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The Jago, Okpilak, and Hulahula rivers in the Arctic are heavily glaciated waterways that are important for fish and wildlife as well as human activities including the provision of food, recreation, and, potentially, resource extraction on the coastal plain. If current glacial melting trends continue, most of the ice in these rivers will disappear in the next 50-100 years. Because of their importance to human and natural communities, it is critical to understand how these rivers and their surrounding environments will be affected by climate change and glacier loss. The overarching goal of this project was to research (1) the amount of river water, sediment, nutrients, and organic matter in the Jago, Okpilak, and...
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Landscape-scale conservation of threatened and endangered species is often challenged by multiple, sometimes conflicting, land uses. In Hawaiʻi, efforts to conserve native forests have come into conflict with objectives to sustain non-native game mammals, such as feral pigs, goats, and deer, for subsistence and sport hunting. Maintaining stable or increasing game populations represents one of the greatest obstacles to the recovery of Hawaii’s 425 threatened and endangered plant species. Many endemic Hawaiian species have declined and become endangered as a result of herbivorous non-native game mammals. Meanwhile, other environmental changes, including the spread of invasive grasses and changing precipitation patterns...
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The Pacific Ocean is home to a number of low-lying, coastal national parks and wildlife refuges. These public lands are situated on coral reef-lined islands that are susceptible to inundation from sea-level rise and flooding during storms. Because of their low-lying nature and limited availability of space, ecosystems, cultural resources, and infrastructure on these islands are particularly vulnerable to flooding. Sea-level rise will further exacerbate the impact of storms on island parks and refuges by increasing wave-driven coastal flooding, with consequences for ecological and human communities alike. However, most assessments of future conditions at coastal national parks and refuges consider only permanent...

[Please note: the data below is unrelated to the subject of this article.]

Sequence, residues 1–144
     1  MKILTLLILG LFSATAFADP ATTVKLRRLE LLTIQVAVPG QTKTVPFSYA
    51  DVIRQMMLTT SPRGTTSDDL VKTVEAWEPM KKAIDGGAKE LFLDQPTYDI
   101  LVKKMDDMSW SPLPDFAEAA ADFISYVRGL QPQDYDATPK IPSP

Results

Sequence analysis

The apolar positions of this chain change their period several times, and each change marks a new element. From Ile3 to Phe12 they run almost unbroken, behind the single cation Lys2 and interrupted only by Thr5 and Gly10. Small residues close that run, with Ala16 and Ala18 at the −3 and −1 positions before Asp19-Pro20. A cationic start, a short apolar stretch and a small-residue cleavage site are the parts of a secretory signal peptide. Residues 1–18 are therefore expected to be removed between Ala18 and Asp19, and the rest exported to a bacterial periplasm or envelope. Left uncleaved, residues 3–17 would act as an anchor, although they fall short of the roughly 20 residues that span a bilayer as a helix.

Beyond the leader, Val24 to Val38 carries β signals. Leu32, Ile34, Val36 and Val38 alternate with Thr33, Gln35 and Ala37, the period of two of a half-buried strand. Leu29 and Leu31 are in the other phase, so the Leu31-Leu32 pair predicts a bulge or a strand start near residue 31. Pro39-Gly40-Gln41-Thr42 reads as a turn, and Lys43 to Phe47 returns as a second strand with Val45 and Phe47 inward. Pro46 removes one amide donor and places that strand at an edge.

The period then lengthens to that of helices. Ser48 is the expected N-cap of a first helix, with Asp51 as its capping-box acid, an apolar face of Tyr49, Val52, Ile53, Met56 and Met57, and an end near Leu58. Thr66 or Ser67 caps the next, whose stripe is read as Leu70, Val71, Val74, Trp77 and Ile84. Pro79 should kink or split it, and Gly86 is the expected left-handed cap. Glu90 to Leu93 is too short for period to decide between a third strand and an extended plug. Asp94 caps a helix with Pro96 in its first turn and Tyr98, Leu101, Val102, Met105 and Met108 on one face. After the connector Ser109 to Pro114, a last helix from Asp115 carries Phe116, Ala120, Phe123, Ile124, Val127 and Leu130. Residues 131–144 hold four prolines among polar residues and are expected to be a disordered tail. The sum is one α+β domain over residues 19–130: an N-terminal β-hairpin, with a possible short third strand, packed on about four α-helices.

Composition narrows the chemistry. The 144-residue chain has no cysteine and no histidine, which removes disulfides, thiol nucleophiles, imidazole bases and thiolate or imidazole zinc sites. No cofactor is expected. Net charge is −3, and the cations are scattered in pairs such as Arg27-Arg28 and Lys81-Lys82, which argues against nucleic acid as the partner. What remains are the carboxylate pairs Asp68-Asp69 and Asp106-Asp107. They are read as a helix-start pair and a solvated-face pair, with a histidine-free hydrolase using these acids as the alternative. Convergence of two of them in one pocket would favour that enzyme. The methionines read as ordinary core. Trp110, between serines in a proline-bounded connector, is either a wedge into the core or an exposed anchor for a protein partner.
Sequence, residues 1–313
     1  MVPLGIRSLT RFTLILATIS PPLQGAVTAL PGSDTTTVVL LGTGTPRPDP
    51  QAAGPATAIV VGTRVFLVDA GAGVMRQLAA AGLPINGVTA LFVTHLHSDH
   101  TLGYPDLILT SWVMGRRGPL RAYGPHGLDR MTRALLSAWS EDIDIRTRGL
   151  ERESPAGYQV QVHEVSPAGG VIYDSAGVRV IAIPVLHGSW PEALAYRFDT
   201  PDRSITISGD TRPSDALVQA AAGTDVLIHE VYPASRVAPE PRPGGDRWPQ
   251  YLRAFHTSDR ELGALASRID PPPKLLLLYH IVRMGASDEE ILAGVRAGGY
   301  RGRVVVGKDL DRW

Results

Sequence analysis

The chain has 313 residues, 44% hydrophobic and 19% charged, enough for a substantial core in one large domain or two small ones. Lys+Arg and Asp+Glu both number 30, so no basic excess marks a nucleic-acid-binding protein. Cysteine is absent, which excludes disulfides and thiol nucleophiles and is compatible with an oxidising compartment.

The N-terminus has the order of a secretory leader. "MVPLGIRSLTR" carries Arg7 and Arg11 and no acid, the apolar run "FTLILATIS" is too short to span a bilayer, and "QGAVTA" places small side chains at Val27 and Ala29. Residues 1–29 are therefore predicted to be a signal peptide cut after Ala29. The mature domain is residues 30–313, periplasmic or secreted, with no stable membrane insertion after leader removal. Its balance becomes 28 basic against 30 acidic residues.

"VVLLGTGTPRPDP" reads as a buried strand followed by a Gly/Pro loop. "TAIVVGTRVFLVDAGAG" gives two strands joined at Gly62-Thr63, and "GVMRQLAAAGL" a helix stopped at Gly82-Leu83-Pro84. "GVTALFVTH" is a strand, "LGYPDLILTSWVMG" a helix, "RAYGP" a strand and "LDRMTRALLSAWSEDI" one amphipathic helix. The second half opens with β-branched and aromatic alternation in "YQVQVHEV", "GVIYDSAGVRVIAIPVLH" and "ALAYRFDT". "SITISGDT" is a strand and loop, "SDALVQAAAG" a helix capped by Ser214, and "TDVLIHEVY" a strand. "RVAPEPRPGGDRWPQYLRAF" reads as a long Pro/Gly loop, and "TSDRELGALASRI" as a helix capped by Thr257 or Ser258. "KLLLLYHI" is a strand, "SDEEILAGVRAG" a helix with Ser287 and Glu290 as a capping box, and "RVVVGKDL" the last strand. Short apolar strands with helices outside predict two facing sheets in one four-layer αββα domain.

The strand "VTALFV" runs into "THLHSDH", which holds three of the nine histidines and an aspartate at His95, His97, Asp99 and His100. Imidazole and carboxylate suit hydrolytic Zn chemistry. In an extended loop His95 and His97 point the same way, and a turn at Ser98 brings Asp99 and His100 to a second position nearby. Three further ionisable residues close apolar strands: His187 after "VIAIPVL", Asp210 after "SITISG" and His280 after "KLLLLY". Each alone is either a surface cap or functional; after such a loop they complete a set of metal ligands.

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The beaches of the Hawaiian Islands attract nearly 9 million visitors each year, who inject around $15.6 billion into the state’s economy and support almost 200,000 jobs. Beyond their economic importance, Hawaiian beaches are also culturally and ecologically valuable. However, climate change driven sea-level rise is causing many beaches to disappear, endangering property, infrastructure, and critical habitats. The goal of this project was to develop a method for forecasting erosion-vulnerable beach areas that could be used in coastal management planning. Researchers focused on the island of Kauaʻi, modeling beach response to rising sea level over the next century and producing maps that provide information about...
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Loko iʻa (Hawaiian fishponds) are an advanced, extensive form of aquaculture found nowhere else in the world. Loko iʻa practices are the result of over a thousand years of intergenerational knowledge, experimentation, and adaptation, and once produced over 2 million pounds of fish per year throughout the Hawaiian Islands. These fishponds provided a consistent and diverse supply of fish when ocean fishing was not possible or did not yield enough supply. In many ways, loko iʻa are foundational to traditional aquaculture in Hawai‘i and have the potential to provide food security that contributes to greater coastal community resilience and economic autonomy. Today, changes in coastal and hydrological processes, including...